January and the new year will be here soon, and along with them, National Radon Action Month. Radon is a radioactive gas that is produced over time through the decay of uranium. Both radon and uranium are natural substances, yet they can have dangerous and even deadly consequences to those who are exposed to them.
Radon in the home is common throughout the United States, so it’s important that you understand the risks associated with this gas.
The Dangers of Radon in the Home
Radon in the home can cause lung cancer in those exposed to high levels of the gas. The U.S. Environmental Protection Agency estimates that approximately 21,000 people die from lung cancer that is directly attributed to radon exposure each year. By learning more about radon, you can take steps to address this risk directly and to protect your family’s health in the process.
1. High Levels of Radon May Go Undetected
Radon is a radioactive gas that has lethal consequences over time and is impossible to detect without technology. This is because it is odorless and clear. It could be in the air that you are breathing today, and you would never know it without a professional radon test.
2. Radon Can Enter Any Home Through the Ground
In addition to being clear and odorless, radon can enter any home through the ground. As uranium deteriorates underground, radon gas is created in pockets. It can rise into your home through cracks in flooring, walls, and the foundation.
Most commonly, this is associated with warm air rising into the home on a chilly day, but it can occur year-round. Fireplaces, furnaces, open windows, exterior air vents, and other areas may also be entry points for radon. Once the gas enters the home, it can build up to dangerous levels indoors.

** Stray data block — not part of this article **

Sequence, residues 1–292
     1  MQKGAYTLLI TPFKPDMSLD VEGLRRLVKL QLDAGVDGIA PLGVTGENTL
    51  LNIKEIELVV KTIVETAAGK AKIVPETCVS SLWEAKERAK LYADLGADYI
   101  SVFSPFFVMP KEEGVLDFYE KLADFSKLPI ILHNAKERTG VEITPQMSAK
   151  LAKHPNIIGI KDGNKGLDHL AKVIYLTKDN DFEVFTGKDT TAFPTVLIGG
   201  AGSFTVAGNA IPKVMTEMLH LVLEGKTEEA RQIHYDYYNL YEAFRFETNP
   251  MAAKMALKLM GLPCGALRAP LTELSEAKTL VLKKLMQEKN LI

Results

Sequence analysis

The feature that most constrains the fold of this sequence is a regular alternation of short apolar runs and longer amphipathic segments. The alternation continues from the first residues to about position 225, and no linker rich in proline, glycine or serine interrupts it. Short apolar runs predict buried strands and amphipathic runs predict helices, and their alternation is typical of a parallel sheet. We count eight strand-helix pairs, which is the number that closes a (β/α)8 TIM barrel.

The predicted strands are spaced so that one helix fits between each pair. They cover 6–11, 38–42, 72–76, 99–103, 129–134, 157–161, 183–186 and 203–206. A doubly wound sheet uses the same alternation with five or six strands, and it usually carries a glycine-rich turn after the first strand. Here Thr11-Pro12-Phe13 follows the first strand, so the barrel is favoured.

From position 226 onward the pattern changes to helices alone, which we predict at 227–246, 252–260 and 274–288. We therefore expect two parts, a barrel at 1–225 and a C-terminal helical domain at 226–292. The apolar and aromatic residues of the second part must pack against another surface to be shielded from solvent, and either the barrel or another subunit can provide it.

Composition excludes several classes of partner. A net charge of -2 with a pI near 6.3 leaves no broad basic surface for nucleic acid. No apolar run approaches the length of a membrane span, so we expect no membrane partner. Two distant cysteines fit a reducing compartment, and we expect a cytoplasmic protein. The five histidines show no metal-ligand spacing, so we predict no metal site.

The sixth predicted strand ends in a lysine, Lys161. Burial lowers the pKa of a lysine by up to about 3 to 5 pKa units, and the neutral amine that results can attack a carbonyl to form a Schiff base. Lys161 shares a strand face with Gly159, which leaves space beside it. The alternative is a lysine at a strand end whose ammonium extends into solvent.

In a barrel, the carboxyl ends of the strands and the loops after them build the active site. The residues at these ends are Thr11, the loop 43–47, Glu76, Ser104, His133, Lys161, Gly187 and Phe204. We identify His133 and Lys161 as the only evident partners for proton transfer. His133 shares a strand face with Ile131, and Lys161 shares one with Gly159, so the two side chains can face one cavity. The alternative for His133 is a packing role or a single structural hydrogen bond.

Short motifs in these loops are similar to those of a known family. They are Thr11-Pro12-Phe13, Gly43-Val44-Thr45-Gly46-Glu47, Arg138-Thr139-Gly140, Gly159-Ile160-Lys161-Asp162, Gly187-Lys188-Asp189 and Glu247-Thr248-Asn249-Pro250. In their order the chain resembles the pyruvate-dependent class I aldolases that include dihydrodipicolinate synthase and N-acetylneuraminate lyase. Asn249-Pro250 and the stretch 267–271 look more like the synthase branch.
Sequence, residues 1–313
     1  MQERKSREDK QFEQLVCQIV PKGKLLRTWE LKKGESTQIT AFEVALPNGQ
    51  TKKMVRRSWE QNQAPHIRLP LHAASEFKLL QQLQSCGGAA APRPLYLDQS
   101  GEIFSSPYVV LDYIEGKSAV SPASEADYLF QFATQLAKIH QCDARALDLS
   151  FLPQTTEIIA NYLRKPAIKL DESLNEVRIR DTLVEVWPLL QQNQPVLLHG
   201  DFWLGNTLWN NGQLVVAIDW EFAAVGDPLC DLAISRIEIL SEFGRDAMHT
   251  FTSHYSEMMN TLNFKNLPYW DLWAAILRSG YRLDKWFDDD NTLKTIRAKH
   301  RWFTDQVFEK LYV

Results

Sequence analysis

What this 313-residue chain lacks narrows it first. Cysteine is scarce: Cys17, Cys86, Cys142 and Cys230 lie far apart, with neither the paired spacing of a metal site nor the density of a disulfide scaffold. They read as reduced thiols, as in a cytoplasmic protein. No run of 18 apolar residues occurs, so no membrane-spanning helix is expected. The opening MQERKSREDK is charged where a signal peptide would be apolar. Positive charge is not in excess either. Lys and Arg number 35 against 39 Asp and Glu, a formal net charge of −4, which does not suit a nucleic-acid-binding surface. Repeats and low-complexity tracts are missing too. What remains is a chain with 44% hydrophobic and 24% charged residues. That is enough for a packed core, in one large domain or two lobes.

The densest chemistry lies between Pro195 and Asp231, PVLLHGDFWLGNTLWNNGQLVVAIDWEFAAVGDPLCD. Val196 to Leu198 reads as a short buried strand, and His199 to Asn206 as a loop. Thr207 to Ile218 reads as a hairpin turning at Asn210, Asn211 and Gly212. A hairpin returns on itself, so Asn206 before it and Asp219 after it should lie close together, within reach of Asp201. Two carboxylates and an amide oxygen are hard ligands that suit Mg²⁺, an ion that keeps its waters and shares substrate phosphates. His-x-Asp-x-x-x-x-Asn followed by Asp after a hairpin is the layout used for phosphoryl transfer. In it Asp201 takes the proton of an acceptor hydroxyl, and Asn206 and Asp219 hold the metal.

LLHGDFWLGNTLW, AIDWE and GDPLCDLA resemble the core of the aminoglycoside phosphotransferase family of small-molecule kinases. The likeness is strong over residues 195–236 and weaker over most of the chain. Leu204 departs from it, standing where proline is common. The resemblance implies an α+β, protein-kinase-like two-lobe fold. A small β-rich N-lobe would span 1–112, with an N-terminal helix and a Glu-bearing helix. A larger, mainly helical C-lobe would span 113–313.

3. Radon Detectors and Tests Are Essential
As radon in the home becomes trapped, the levels can increase and endanger your family without your knowledge. Professional home inspectors can determine if your home has unsafe levels of radon by using high-quality radon detectors to test the air. Because radon levels can increase over time, it is important to periodically test your home.
4. Radon Can Safely and Effectively Be Removed
The good news is that radon can be removed from your home once you have identified a problem. You can even take steps to prevent high levels from building up in your home again. Through professional mitigation, you can live in a home that is free from the dangers of radon.
If you have not had your home tested for radon recently, what better time is there than National Radon Action Month? By learning about unsafe levels of radon, you have the knowledge to protect you and your family from radon in the home.